After the bottom of the cassette (57) has been plugged, a separation medium (79) is added to the cassette (57). Since different applications require different separation media, the skilled artisan will appreciate that any suitable medium, whether gelled or liquid may be used as long as it is capable of conducting an electric current. The frame assembly (41) can be placed into the lower buffer chamber (39) after the separation medium (79) is loaded or, preferably, before the separation medium (79) is loaded, and even more preferably before the plugging medium (78) is poured. Prior to electrophoresis, one or more samples (81) to be separated are placed on the top of the separation medium (79). One skilled in the art will understand that the sample (81) can be in liquid form or in solid form, such as a gel slice or impregnated filter. An electrolyte-containing solution is added to the upper buffer chamber (72) such that the solution makes contact with the top surface of the sample (81) on the top of the separation medium (79). Also, an electrolyte-containing solution is added to the lower buffer chamber (39). The lower buffer chamber (39) preferably has a fill-line indicator (not shown). In addition, the capacity of the lower buffer chamber (39) is preferably large enough to contain the volume of electrolyte solution up to the fill-line plus the volume of electrolyte solution in the upper buffer chamber (72) in the event of leakage from the upper buffer chamber (72). During electrophoresis, an electric current is passed from the electrolyte solution in the upper buffer chamber (72) through the sample (81), separation medium (79), and plugging solution into the electrolyte solution in the lower buffer chamber (39) as indicated by the arrows in FIG. 5.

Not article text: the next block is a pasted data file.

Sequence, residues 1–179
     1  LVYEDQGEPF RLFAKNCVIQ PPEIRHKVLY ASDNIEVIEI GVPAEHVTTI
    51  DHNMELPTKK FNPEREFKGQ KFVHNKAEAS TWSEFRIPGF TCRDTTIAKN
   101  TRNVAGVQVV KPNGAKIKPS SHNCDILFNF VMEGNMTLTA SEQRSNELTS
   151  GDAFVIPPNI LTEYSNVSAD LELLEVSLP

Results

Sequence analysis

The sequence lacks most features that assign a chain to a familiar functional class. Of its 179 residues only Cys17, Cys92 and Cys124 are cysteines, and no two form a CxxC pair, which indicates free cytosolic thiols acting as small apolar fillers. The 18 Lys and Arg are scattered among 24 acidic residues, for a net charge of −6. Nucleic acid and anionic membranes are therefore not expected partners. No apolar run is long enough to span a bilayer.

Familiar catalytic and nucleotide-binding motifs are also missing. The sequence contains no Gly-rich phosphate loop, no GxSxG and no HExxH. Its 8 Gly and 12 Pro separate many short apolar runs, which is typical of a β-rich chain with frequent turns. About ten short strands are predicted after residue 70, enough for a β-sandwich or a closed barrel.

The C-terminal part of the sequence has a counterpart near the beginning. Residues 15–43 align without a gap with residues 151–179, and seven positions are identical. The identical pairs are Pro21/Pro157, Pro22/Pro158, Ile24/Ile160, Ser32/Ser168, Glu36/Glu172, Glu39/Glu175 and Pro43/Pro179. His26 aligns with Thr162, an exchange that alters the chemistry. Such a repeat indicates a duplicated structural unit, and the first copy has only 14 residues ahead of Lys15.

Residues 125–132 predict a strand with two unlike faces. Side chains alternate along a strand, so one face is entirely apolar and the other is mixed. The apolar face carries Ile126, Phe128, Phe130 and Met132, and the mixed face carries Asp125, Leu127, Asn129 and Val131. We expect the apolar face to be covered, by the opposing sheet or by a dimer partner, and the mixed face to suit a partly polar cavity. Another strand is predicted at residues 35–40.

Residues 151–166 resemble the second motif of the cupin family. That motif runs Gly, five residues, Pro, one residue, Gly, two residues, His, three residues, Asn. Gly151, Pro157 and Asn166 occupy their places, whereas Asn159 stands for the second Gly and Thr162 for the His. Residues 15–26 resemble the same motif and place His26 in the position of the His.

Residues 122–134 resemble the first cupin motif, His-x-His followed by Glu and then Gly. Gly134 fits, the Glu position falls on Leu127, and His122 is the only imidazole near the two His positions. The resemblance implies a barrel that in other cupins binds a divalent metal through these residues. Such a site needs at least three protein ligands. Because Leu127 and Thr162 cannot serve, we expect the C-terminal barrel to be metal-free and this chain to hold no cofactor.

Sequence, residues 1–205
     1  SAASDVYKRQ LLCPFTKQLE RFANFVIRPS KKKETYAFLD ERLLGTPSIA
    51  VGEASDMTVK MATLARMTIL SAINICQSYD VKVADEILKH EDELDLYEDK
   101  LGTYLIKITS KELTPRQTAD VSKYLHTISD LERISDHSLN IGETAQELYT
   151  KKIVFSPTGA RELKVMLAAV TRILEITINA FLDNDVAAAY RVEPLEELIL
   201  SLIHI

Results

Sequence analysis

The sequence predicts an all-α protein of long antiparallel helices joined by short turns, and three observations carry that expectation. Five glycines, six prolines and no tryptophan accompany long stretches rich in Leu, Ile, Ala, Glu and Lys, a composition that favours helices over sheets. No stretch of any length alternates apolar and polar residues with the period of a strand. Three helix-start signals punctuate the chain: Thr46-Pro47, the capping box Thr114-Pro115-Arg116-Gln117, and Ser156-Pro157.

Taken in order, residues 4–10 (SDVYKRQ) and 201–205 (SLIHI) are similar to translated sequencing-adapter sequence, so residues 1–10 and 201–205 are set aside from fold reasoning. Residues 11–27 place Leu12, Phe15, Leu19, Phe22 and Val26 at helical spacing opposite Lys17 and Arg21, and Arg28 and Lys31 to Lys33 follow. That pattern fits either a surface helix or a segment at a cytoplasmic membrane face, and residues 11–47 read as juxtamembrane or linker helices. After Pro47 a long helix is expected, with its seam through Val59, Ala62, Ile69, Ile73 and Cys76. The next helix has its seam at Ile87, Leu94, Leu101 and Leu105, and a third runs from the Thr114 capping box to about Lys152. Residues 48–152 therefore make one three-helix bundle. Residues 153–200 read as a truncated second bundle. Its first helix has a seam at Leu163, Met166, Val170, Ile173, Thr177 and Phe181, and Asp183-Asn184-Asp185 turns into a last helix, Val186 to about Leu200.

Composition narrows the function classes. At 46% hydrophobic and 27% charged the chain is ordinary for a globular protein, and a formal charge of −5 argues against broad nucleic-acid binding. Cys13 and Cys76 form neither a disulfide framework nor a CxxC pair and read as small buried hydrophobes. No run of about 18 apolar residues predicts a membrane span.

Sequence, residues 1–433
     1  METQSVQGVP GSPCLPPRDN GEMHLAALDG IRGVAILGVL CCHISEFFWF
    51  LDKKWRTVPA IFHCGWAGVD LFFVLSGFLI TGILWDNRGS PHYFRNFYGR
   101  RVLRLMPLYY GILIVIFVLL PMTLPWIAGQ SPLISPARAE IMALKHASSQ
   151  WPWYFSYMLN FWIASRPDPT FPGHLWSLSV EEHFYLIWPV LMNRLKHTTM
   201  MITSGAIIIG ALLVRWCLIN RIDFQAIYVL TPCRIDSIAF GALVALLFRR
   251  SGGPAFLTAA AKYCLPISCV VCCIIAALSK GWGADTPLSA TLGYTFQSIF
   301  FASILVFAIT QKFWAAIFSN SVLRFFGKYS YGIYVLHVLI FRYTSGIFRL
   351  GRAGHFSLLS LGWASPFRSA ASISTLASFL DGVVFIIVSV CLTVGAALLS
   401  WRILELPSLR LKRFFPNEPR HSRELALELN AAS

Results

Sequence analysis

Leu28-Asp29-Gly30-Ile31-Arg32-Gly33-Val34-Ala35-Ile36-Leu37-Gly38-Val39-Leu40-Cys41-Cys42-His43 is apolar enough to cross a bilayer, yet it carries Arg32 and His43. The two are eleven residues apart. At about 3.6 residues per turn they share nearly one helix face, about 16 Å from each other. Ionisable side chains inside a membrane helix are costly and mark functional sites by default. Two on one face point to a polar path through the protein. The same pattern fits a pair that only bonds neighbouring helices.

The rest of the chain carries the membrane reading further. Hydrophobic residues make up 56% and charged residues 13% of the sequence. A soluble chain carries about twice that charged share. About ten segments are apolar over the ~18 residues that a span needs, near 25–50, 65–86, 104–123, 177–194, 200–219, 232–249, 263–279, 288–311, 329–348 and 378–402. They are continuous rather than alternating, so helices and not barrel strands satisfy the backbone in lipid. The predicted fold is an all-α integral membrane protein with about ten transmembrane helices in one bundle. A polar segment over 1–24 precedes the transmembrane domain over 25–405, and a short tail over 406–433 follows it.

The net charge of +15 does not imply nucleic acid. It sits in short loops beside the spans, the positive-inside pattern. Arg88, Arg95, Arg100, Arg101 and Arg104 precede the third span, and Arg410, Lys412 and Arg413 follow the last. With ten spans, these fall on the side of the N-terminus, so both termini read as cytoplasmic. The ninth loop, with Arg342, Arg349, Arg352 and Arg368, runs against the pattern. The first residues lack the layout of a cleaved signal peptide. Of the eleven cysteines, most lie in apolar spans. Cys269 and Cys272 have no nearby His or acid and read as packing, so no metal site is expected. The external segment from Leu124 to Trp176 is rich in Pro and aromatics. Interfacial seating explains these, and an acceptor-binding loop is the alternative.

The invention has been described herein with respect to a preferred embodiment of implementing the invention. It should be apparent to those skilled in the art that certain aspects of the invention may be useful in other forms. For example, elements of the frame assembly (41) as described herein, may be useful as a separate casting device. In this regard, the casting device would include a vertical member attached to a platform base as illustrated in
In this embodiment of the invention, it is preferred that the plugging solution be a electrically conductive gel. If the plugging solution is non-conductive, the separation medium must be a gel and the plug must be removed after the separation medium has solidified.
Other embodiments, modifications, improvements or alternatives may be apparent to those skilled in the art. Such embodiments, modifications, improvement or alternatives are considered to be within the spirit of the invention.
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|U.S. Classification||204/467, 204/619, 204/616, 204/466, 204/615, 204/620, 204/606, 204/465, 204/469, 204/456, 204/470, 204/618|
|Cooperative Classification||G01N27/44756, G01N27/44704|
|European Classification||G01N27/447C, G01N27/447B|
|Apr 7, 2003||AS||Assignment|
Owner name: OWL SEPARATION SYSTEMS, INC., NEW HAMPSHIRE
Free format text: ASSIGNMENT OF ASSIGNORS INTEREST;ASSIGNOR:FOX, GREGORY S.;REEL/FRAME:013925/0812
Effective date: 20030325
|Feb 11, 2009||FPAY||Fee payment|
Year of fee payment: 4
|Mar 7, 2013||FPAY||Fee payment|
Year of fee payment: 8